I am astounded to find people asking to buy my trade tables. It is a spectacular confirmation of my work and I do appreciate it.
However ... I won't be selling or providing my spreadsheets on line. I know, I know, it isn't the sort of thing the gentle reader wants to hear, but there comes a point when I know I have something too valuable to throw out into the vast wasteland of the internet. I'm more interested in selling the work to a gaming company legitimately interested in simulation games, who won’t screw me, and who might understand that this is not my only idea. I’ve been warned about gaming companies, and for good reason. Nevertheless, they are the one game in town.
On the other hand, as I said recently in a blog post, I understand that setting is in much demand. I have considered that I could provide the following information as a “half license”:
1. A general description for a given city, say Dresden in eastern Germany (Saxony)
2. That I could provide a map for the region surrounding that city
3. A listing and a statistical outline of the major NPCs
4. A price table for finished goods
5. 2-3 thousand words description, including suggestions for possible adventures
Following that, I could provide additional information for a “full licence”:
1. Encounter tables for the surrounding hexes and Dresden’s hex
2. A Seasonal price table, as the goods available in winter would be much reduced from the goods available in summer
3. 4-5 thousand words description, including suggestions for possible adventures
4. A traditional map of a “lair”, either humanoid or monster, as desired
Let us suppose that the area in question would be somewhat flexible: for a densely populated region like Germany, a 100-mile diameter circle around a given city. For somewhere obscure and largely uninhabited, like central Arabia, we’re probably talking about 400-500 miles in diameter.
All said description would be largely based on the actual locality, from materials I have and which I would be prepared to research. Thus, if you as DM were prepared to research the area further on your own, you would tend to find that your discovered information would mesh with that which I’d given you.
In cases where information is difficult to find, I’m prepared to invent plausible descriptions which would mesh with honest data.
Now, I tell you honestly, I can see myself doing this for any place on Earth which is at present within my already mapped areas. I have no problem with the work, only with the degree of compensation.
You see, I am normally paid 30 cents a word for work which is commissioned. For any given original project, as a bare minimum, I could see myself working for 2 cents a word on the descriptions, and throw in the rest for free. That would mean a full license for any particular region centered on a particular city would cost around $100.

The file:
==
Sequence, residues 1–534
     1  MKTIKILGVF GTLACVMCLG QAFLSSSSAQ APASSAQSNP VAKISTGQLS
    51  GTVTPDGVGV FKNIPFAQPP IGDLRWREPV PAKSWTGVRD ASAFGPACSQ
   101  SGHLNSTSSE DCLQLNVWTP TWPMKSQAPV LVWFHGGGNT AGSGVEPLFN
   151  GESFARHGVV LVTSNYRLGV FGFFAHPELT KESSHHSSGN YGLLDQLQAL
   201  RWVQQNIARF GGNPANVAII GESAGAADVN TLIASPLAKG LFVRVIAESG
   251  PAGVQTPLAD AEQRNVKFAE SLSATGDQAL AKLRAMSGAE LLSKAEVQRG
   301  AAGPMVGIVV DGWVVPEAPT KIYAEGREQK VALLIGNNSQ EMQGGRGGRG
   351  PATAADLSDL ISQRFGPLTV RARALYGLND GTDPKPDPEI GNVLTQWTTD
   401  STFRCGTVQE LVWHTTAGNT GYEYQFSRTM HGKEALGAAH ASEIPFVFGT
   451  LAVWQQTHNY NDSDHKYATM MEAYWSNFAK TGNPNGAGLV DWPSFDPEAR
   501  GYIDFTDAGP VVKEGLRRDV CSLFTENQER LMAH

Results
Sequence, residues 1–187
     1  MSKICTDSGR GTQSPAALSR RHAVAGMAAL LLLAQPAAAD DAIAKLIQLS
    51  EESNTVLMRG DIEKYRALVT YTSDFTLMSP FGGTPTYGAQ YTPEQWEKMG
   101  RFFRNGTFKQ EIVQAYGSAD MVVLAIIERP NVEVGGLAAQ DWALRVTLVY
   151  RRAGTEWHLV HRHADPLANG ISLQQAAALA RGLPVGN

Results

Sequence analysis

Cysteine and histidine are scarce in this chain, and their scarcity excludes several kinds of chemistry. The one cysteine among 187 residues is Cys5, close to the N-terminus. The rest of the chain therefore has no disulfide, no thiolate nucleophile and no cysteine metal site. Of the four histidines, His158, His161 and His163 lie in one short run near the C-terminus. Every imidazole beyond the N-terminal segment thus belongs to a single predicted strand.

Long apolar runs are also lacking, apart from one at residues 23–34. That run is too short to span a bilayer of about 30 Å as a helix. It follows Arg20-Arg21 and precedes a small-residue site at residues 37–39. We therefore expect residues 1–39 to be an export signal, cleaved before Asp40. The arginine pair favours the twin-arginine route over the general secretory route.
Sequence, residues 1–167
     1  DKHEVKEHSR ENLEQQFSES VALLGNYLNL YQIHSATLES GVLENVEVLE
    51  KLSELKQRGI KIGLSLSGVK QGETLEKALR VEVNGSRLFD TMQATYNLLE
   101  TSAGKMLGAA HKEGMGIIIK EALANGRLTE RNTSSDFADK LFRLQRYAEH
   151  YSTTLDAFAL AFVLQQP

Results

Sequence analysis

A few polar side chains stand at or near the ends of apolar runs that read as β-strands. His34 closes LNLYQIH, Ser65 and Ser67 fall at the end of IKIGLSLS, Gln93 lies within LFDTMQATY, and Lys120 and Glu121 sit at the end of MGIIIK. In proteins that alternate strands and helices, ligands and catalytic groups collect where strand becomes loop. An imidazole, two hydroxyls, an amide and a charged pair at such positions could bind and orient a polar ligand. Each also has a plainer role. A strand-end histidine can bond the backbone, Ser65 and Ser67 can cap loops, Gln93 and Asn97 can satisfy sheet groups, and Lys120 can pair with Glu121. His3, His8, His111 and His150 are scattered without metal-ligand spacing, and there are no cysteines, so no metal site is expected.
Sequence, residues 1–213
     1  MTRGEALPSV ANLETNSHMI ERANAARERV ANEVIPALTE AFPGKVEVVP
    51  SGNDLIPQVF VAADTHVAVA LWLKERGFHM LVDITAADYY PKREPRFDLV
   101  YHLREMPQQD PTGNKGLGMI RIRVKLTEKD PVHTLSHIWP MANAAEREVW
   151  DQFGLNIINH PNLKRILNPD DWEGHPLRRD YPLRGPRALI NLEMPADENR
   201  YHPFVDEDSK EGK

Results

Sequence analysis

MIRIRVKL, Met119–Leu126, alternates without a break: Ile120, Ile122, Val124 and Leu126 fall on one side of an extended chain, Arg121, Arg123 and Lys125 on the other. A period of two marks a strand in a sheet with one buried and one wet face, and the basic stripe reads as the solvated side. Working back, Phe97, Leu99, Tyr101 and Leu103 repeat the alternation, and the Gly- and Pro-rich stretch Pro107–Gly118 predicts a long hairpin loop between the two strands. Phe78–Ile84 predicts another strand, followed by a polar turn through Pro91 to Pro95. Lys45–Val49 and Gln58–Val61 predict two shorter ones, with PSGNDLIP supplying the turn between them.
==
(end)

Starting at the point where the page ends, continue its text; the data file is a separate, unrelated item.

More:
If, on the other hand, I had already done that region, and there was a wider market for it than just one person, the work would already be done and I could afford to sell it for much cheaper ... say $40.
The usual practice is to produce a region, offer it for sale and hope that someone buys. Most of those I’ve talked to who did this wound up working their asses off and never really getting compensated.
Whereas, I remember in the day when I used to hand draw maps for people at conventions in the ‘80s, I never put pen to paper without obtaining a commission first. This is how an artist does it. And although I charged $80 for a map that was 2 feet by 3 feet, I did not have trouble finding clients when I looked for them.
To me, the only rational way to provide settings for D&D (or any other circumstance) is to do them on specification – just as I write on spec for magazines and newspapers when I’m contracted to do so. If someone is prepared to pony up the dough, I’m prepared to work.
But there’s still that problem with the fellow who pays $100 for something that the next person over gets for $40.
It occurs to me that a “kick-back” method might be applied here.
Let us suppose that “Joe” asks me for a full license for the city of Dresden, and that I charge Joe $120. And let us say that once I’ve produced the city of Dresden, I have the privilege of selling it to other people for $40.
Now, just to keep Joe happy, as he has just paid $120 for something that now only costs $40, that I offer a kickback of $10 to Joe for each additional copy I sell to someone else, until Joe has paid $40 for his copy. That would be 8 people altogether.
In other words, once I have sold 8 copies in addition to the copy I’ve sold to Joe, Joe will have paid no more than anyone else. My compensation will be in gaining an immediate incentive from Joe to produce the original work, and the opportunity at some imaginary point in the future to continue making income from that work by selling it indefinitely to other people.
Now, is this completely crazy? Will anyone pay $120 for the original product I’m offering? As I see it, the primary benefit in doing so is my knowledge of history, my imagination and the benefit of being able to choose a personal location.
I think I can add to that the privilege of the payer to have some influence on the final project – if you know something about Hungary, and you want me to work on Hungary, I think that some collaboration on the subject would be appropriate. In such a case, given enough collaboration, the kick-back received from every sale can be increased and may not have an 8-sale limitation.
Okay. Criticism can begin at once.